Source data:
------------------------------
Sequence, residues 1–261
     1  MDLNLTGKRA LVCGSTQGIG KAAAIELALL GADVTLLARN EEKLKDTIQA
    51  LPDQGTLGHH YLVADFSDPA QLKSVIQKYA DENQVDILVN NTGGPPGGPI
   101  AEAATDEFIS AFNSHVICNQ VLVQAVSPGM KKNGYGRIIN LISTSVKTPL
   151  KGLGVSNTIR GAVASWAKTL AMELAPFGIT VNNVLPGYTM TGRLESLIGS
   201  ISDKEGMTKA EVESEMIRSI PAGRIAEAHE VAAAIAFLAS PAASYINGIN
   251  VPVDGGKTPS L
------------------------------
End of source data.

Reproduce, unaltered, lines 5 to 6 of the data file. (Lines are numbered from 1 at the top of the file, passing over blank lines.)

   151  KGLGVSNTIR GAVASWAKTL AMELAPFGIT VNNVLPGYTM TGRLESLIGS
   201  ISDKEGMTKA EVESEMIRSI PAGRIAEAHE VAAAIAFLAS PAASYINGIN